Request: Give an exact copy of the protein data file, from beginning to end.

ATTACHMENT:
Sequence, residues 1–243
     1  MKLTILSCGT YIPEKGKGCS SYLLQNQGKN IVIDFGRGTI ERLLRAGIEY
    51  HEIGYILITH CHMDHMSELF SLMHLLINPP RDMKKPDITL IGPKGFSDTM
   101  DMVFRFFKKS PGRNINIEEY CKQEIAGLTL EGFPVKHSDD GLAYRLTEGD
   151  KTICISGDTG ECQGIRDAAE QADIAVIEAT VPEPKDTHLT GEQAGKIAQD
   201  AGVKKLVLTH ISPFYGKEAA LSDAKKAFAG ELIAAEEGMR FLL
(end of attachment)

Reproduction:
Sequence, residues 1–243
     1  MKLTILSCGT YIPEKGKGCS SYLLQNQGKN IVIDFGRGTI ERLLRAGIEY
    51  HEIGYILITH CHMDHMSELF SLMHLLINPP RDMKKPDITL IGPKGFSDTM
   101  DMVFRFFKKS PGRNINIEEY CKQEIAGLTL EGFPVKHSDD GLAYRLTEGD
   151  KTICISGDTG ECQGIRDAAE QADIAVIEAT VPEPKDTHLT GEQAGKIAQD
   201  AGVKKLVLTH ISPFYGKEAA LSDAKKAFAG ELIAAEEGMR FLL